Solar-thermal power plants have the best sustainability index, according to a new study

Model offers complex view of power generation sustainability

A new model developed by Spanish researchers provides a 360-degree view on various power generation technologies in regards to their sustainability.

Described in an article in the latest issue of the journal Energy, the new method creates a universal ‘sustainability index’ that takes into account all parameters involved in various types of power generation and how they affect the wellbeing of the world and its population – that includes all cost, contribution to global warming and noise levels, as well as job creation.

"The mistake is sometimes made of associating sustainability solely with caring for or respecting the environment," said Juan José Cartelle Barros, the lead author of the study from Universidade da Coruña.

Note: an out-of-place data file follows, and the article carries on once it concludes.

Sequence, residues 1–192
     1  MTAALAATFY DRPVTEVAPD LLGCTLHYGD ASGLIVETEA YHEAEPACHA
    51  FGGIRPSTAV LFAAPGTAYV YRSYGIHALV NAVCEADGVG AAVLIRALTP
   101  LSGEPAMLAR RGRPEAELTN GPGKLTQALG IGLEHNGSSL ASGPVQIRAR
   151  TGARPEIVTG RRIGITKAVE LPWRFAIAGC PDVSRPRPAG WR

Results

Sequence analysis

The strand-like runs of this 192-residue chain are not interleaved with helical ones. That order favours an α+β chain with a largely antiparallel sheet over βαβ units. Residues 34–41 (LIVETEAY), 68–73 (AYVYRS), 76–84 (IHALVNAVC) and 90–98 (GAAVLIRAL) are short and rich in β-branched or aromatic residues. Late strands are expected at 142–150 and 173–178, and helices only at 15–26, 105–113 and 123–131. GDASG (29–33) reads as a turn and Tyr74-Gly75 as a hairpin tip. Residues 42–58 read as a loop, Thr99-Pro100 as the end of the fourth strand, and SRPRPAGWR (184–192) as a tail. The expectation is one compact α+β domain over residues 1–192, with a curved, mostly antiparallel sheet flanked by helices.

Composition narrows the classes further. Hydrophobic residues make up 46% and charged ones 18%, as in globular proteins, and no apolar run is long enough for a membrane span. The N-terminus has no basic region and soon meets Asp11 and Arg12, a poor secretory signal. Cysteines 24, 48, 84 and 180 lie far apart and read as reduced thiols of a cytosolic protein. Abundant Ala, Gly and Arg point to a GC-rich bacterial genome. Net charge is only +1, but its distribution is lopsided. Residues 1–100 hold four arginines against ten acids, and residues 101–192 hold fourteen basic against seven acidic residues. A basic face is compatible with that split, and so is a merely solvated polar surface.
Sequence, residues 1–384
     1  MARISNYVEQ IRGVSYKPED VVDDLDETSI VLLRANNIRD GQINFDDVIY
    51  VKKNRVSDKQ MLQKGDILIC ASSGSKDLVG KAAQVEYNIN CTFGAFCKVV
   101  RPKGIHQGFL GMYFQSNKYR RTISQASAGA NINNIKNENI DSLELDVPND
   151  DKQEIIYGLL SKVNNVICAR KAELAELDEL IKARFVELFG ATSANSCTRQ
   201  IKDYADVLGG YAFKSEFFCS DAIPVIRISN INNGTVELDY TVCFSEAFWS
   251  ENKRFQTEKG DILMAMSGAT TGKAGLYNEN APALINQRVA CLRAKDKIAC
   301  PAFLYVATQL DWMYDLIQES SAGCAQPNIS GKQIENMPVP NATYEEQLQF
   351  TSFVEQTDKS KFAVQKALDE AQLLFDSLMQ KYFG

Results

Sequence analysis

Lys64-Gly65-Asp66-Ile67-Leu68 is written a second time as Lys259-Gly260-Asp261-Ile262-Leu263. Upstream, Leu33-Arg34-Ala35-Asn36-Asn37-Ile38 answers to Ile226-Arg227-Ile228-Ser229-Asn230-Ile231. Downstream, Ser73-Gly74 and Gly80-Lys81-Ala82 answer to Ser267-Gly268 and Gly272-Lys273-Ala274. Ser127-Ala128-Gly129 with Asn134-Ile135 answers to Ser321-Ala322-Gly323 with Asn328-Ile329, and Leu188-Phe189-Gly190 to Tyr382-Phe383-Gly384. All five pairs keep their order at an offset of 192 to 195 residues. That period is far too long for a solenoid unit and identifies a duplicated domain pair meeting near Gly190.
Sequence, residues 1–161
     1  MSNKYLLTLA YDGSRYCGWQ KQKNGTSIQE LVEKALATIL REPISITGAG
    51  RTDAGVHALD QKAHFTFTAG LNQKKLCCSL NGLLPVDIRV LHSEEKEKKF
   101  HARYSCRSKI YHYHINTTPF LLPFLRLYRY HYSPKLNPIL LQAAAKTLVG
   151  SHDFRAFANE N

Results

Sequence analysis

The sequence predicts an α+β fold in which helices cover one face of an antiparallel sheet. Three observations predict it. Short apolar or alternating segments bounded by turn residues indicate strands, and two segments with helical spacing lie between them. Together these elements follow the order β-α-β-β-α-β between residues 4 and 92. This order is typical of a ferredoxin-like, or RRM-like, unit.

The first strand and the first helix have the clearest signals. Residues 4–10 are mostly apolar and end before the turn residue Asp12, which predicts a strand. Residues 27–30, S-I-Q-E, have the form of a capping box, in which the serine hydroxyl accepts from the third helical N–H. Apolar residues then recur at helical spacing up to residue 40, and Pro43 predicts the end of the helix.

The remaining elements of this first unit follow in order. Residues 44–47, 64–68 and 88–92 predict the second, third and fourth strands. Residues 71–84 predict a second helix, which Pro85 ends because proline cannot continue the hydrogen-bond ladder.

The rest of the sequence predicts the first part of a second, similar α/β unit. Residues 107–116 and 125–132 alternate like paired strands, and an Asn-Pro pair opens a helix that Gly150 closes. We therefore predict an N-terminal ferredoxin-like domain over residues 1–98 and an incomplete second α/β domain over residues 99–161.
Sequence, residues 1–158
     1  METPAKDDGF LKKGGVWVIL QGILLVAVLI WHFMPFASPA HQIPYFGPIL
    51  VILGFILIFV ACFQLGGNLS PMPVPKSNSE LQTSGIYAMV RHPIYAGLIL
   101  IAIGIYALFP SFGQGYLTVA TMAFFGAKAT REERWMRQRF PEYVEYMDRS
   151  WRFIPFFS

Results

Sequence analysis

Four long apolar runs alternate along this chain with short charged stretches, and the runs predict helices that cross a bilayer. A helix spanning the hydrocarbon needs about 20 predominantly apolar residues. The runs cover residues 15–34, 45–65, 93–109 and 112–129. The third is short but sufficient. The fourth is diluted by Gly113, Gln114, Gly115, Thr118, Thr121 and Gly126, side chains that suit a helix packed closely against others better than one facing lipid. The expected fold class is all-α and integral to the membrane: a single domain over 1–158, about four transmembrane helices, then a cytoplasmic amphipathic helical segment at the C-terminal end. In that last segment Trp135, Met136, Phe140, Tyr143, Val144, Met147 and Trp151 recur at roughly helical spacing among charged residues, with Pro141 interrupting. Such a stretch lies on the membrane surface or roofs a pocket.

"Sustainable development is something more. It covers aspects related to the economy, society and the environment. Thus, it is time to think about electricity generation in a broad sense, covering all three pillars in depth."

The results produced by the model showed that with the exception of biomass, renewable energies are much more sustainable than traditional fossil-fuel based power generation. On the scale from zero to one, where zero is the worst and one is the best, renewable resources scored between 0.39 and 0.80. Conventional power plants, on the other hand, were graded between 0.29 and 0.57.

The top spots (indicating the most significant contribution to sustainability) were occupied by solar-thermal plants, wind farms, photovoltaic solar plants and mini-hydroelectric power plants, in that order.

The study included ten common energy generation systems and gauged every one of them by 27 parameters.

However, the researchers stressed, a mix of approaches would likely be the best solution, paired with a reduction in energy consumption on the global scale.

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